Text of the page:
The reconstructed ballcourt was an unusual structure. Known ballcourts in the Southwest were not masonry. This court may have had multiple functions: a place where special ceremonies were held, where competitive games took place for socialization, or where children played a game of stick and ball, similar to hockey. After rains, it may have served as a reservoir.
Some archaeologists think valuables changed hands through ritual events such as ball games. People living to the south (Hohokam tradition) had shells, salt, cotton, and a ballcourt in every town. People to the east in the Chaco region (Ancestral Puebloan tradition) has Mesoamerican macaws, copper, and turquoise to trade. A ballcourt at Wupatki could function as a link between distant regions. Trade valuables from both regions ended up here.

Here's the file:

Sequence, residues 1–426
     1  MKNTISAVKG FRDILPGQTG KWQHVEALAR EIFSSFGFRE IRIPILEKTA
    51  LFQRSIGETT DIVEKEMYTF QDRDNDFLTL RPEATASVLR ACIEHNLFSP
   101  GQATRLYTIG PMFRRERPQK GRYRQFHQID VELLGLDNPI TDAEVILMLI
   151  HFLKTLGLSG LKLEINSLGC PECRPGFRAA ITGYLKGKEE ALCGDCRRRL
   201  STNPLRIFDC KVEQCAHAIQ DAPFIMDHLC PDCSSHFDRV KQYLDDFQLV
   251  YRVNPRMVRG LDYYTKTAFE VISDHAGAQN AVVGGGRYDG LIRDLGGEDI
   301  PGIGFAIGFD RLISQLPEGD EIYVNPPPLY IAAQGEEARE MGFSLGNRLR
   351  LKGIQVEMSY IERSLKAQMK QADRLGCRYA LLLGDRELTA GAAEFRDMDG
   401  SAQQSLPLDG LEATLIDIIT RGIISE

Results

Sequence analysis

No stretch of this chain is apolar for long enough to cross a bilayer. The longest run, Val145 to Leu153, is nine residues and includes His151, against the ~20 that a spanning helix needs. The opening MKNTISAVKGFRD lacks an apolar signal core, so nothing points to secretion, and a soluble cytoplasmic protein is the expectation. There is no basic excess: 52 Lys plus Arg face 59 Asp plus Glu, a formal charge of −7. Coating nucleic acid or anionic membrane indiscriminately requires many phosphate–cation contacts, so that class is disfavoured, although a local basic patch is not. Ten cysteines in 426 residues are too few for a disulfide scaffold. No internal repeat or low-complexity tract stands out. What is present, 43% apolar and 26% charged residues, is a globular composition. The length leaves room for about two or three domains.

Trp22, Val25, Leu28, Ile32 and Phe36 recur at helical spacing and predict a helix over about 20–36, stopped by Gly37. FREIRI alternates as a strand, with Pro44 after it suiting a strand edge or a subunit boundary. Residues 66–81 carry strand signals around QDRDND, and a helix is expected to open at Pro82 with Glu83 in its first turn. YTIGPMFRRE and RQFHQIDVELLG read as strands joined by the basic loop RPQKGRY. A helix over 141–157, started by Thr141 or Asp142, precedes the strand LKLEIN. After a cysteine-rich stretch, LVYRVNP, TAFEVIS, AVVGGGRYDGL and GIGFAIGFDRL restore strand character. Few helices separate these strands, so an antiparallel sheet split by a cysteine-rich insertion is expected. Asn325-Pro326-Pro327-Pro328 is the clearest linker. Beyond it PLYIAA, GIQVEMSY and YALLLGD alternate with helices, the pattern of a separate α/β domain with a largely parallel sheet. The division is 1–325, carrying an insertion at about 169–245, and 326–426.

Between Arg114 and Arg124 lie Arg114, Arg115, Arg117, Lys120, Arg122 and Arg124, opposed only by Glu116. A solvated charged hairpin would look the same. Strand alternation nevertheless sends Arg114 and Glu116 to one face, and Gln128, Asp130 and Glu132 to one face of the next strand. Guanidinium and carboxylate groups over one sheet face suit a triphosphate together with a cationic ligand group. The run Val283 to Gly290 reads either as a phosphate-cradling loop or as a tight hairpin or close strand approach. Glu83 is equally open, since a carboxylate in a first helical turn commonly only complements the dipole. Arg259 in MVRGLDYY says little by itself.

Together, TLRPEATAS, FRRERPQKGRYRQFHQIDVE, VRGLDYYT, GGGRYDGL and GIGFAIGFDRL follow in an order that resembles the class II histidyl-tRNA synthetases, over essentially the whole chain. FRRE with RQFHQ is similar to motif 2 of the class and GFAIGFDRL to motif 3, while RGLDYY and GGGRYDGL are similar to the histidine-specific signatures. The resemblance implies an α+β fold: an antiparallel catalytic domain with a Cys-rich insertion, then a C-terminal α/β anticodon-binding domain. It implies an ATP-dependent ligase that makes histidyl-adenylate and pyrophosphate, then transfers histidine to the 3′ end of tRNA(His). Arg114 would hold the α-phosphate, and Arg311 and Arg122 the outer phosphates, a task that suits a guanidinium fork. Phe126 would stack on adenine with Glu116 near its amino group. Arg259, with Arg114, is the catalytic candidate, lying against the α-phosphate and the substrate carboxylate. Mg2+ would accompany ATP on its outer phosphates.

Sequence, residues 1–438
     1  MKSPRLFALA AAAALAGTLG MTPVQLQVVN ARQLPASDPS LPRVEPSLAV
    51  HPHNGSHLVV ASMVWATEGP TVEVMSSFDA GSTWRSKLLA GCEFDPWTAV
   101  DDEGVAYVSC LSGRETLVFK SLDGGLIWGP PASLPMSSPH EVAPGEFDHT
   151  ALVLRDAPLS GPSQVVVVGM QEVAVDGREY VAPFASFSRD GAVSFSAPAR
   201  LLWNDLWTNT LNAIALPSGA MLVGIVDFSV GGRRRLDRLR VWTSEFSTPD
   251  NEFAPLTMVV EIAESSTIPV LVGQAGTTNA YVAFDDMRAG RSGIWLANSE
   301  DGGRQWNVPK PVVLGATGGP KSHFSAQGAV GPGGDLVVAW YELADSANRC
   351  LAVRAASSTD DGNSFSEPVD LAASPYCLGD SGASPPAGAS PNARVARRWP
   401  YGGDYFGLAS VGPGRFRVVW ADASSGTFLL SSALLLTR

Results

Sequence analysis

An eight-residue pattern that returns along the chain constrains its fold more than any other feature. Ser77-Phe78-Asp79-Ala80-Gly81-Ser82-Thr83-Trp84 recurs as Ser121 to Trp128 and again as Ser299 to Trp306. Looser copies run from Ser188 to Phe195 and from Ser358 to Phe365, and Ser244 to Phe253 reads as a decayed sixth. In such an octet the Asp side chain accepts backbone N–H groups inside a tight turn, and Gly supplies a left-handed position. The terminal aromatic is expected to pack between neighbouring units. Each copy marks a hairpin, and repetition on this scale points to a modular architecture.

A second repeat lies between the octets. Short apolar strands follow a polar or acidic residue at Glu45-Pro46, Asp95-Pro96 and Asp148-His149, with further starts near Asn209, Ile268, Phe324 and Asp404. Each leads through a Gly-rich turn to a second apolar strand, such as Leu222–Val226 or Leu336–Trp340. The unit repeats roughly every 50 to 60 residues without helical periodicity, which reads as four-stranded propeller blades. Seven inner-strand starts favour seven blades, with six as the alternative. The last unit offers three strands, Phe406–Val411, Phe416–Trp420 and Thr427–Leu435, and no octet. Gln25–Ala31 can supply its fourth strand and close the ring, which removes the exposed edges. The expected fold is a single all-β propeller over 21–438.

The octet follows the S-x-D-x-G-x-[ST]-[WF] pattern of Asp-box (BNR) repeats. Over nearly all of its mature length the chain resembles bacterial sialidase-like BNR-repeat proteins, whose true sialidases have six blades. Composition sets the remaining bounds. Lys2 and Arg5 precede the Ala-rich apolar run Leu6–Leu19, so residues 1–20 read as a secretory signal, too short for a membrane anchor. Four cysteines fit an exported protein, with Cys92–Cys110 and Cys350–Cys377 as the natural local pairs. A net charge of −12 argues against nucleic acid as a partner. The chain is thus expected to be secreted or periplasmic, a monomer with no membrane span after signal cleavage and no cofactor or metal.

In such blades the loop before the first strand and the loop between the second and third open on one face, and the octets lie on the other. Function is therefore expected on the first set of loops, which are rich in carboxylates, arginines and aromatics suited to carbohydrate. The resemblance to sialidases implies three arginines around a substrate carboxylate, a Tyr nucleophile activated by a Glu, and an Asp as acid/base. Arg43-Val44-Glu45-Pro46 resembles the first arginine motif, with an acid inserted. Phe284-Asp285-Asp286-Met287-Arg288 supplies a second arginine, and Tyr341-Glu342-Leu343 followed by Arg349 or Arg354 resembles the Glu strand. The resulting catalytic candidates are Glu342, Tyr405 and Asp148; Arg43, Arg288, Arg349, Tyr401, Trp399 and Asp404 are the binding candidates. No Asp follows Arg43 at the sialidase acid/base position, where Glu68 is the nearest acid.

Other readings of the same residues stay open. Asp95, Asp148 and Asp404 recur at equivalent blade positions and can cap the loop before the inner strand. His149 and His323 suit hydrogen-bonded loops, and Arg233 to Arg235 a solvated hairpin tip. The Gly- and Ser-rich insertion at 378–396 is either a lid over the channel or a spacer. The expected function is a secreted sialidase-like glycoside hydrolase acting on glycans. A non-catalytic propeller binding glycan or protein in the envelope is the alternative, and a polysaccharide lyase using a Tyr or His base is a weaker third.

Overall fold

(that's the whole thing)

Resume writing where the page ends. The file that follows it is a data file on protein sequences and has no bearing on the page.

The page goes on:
Sandals trod far and wide, maintaining trade networks that helped meet mutual needs and improved the quality of life. When materials, innovations, and ideas came to communities, all knew what others had to offer.